Asahi newspaper played a video clip of a jet arriving at Haneda airport being boarded by security officers
Shares of Nissan and Mitsubishi plunge following Ghosn arrest
Shares of Nissan and Mitsubishi plunged when markets opened in Japan on Tuesday, following the arrest of Carlos Ghosn the head of the automobile alliance that also includes France’s Renault.
Shares of Nissan, Japan's second-largest car manufacturer, dropped as much as 6.5 per cent, while Mitsubishi shares slipped 6.9 per cent and Renault shares fell as much as 4.8 per cent on Tuesday after the maverick of the car industry was arrested on allegations of financial misconduct. The benchmark Nikkei 225 index was down one per cent or 238.04 points at 21,583.12 mid-morning, while the broader Topix index was down 0.7 per cent or 11.94 points at 1,625.67.
Mr Ghosn, the chairman of Nissan arrested on Monday, is accused of under-reporting his earnings by about $44 million and using company resources to acquire luxury homes in Amsterdam, Paris, Rio De Janeiro and Beirut, according to Japanese media reports. Greg Kelly, a Nissan board member, was also arrested on Monday.
Mr Ghosn, a Brazilian-French citizen of Lebanese origin, is reported to have been detained after turning himself in to prosecutors upon arriving at Japan’s Haneda airport on Monday night. Asahi newspaper published a video clip of a jet with the identification number N155AN being boarded by what appear to be security officers after landing at the airport. The shutters of the windows come down once the officers board the plane however Mr Ghosn is not visible.
On Tuesday, NHK reported Mr Ghosn may have retained money that was intended for other company executives.
Nissan credit default swaps, a derivative that acts as insurance for traders to protect themselves against the possibility of a company not repaying its debt, widened 14 basis points following news of Mr Ghosn’s arrest, according to CMA data.
The detention of Mr Ghosn, who had developed a cult following and was known as 'Mr reformer of Nissan' or 'saviour' has stunned most Japanese who now consider him 'a bad gaijin' (foreigner), one Japanese media executive told The National.
"Still can't believe that Ghosn, the face of Nissan, is now referred to as ゴーン容疑者in Japanese news reports," tweeted Mari Saito, a Japanese reporter.
Nissan will propose dismissing Mr Ghosn and Mr Kelly, according to a statement from the company, which said a whistle-blower set off a months-long investigation of the two executives.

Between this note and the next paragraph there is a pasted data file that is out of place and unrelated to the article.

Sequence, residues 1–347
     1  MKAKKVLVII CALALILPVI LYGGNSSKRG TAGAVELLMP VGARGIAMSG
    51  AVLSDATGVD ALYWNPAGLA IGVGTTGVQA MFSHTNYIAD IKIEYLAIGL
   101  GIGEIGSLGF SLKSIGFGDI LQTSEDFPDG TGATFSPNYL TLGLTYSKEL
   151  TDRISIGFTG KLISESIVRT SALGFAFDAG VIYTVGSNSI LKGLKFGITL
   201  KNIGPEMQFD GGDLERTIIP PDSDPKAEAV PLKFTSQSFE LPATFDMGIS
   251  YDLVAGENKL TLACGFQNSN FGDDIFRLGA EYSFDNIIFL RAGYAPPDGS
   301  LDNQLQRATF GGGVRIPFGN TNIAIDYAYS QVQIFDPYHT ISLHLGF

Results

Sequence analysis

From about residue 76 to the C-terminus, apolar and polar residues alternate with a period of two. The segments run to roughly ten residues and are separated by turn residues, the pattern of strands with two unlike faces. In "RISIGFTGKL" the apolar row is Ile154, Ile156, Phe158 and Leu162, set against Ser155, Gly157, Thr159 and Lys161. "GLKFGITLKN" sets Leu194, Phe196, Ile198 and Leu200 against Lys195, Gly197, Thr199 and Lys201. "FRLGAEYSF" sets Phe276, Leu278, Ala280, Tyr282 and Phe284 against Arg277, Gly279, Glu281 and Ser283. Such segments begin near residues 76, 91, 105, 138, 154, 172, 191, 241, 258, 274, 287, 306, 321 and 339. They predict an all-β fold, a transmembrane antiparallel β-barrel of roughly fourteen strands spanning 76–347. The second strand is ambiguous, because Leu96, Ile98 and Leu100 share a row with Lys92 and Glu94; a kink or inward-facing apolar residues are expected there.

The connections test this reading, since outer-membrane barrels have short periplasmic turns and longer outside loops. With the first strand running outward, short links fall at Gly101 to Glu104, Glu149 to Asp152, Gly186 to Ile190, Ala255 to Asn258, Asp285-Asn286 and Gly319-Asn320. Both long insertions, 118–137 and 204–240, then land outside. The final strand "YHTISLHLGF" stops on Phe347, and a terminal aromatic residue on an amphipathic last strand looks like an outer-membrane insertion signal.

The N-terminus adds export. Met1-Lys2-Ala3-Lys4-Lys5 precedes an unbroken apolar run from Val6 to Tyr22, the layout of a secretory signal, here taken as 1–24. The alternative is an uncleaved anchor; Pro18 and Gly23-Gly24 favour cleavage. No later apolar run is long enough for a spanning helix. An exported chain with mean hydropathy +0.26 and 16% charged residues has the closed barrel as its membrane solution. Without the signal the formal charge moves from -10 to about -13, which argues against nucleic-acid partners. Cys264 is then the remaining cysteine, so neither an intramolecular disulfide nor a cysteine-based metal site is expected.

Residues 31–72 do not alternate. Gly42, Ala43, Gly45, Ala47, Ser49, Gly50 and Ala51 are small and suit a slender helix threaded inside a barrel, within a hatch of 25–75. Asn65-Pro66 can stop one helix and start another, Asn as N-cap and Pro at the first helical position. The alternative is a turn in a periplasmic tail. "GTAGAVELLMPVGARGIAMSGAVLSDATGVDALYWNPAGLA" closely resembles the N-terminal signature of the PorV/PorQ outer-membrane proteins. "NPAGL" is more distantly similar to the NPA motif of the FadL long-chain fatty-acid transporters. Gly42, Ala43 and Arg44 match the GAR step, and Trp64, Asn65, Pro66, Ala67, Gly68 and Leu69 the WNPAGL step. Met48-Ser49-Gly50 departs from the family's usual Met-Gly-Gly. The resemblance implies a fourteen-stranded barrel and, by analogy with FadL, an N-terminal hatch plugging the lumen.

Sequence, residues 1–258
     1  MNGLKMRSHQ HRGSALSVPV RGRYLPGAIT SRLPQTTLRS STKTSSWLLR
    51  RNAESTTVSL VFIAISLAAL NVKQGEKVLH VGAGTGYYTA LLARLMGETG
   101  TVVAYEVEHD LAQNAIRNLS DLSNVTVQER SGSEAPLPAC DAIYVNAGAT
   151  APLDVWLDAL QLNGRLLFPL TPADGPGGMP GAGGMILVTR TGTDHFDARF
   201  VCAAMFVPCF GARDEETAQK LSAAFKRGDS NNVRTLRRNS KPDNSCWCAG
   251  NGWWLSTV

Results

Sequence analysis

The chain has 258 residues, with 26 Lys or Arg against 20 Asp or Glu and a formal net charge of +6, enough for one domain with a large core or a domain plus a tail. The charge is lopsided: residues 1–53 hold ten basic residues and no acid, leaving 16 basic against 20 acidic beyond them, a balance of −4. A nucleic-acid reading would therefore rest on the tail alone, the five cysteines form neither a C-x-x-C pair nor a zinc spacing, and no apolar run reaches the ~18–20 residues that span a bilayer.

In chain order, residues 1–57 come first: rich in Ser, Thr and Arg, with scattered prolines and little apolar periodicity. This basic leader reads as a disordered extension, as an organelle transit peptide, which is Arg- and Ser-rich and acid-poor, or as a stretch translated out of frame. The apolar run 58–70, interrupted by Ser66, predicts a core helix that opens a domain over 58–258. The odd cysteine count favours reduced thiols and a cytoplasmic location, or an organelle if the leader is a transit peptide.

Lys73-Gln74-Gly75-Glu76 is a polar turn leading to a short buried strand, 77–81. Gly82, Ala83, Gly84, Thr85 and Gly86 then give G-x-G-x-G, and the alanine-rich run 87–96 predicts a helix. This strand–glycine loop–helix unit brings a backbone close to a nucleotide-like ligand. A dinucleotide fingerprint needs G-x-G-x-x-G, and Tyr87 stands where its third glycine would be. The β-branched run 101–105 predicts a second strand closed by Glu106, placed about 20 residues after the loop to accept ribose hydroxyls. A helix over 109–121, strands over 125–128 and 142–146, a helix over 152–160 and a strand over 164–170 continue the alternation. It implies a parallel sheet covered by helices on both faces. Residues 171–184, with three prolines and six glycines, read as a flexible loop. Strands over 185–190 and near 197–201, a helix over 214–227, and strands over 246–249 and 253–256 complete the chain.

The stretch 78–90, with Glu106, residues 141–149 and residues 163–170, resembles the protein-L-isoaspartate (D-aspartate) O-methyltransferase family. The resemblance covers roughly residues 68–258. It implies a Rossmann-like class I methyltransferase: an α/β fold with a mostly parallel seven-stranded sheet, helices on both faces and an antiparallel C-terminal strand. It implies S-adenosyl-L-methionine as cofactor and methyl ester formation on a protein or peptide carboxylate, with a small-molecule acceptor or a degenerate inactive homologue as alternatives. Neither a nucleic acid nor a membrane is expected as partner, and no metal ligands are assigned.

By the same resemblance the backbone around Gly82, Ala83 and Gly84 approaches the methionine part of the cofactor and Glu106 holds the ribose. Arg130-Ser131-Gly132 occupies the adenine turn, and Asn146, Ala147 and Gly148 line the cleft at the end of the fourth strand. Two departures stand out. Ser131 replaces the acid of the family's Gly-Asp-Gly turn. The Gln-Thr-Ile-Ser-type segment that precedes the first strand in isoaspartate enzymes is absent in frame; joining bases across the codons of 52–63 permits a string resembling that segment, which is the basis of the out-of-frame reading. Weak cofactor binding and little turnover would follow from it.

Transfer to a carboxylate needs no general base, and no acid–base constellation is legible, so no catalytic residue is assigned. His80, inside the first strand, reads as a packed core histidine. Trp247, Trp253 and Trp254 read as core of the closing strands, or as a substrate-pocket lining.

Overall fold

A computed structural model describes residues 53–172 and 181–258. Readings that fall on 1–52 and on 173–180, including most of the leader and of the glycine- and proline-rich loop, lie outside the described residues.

"The investigation showed that over many years both Ghosn and Kelly have been reporting compensation amounts in the Tokyo Stock Exchange securities report that were less than the actual amount, in order to reduce the disclosed amount of Carlos Ghosn’s compensation," Nissan said in a statement on Monday. “In regards to Ghosn, numerous other significant acts of misconduct have been uncovered, such as personal use of company assets, and Kelly’s deep involvement has also been confirmed.”
With the arrest, Mr Ghosn’s role as chief executive of the Renault-Nissan-Mitsubishi Alliance hangs in the balance. He said as recently as last month that he planned to stay on until 2020, although he stepped down from the top job at Nissan last year, amid reports that the companies plan to possibly restructure the alliance through a possible merger.
Rating agency Standard & Poor's affirmed the long term A rating and stable outlook of Nissan but placed the company on a negative watch.
A breakup of the thee-company alliance is unlikely, said Demian Flowers an analyst at Commerzbank.
"Alliances among automakers of this kind are necessary to keep costs under control, particularly as emissions regulations tighten and we move towards electrification," Mr Flowers told The National. "I don’t think any of the companies involved can afford to see a breakdown of the alliance. The key question though is whether we can now expect ties between these companies to deepen. That’s what many investors had hoped for (particularly from the Renault side), and that’s where hopes have suddenly faded."
On Monday France's President Emmanuel Macron said it was too early to comment. The French government is a 15 per cent stakeholder in Renault and the largest shareholder in the company. The French car-maker owns 44 per cent of Nissan and saw its shares fall as much as 15 per cent when the scandal broke on Monday, the lowest in almost four years.
French finance minister Bruno Le Maire said a board meeting would take place Tuesday night to help put in place an interim leader. Renault's chief operating officer Thierry Bollore has been touted as a possible interim CEO.
The fallout from the Ghosn scandal has prompted Commerzbank to revise its outlook of the French car manufacturer reducing its target share price to €69 from €72. Bank of America Merrill Lynch cut Renault to neutral from buy and said the prospects of a merger between the French auto-maker and Nissan is now unlikely.
Lebanon's foreign ministry said the country would stand by Mr Ghosn "in his ordeal to ensure that he receives a fair trial."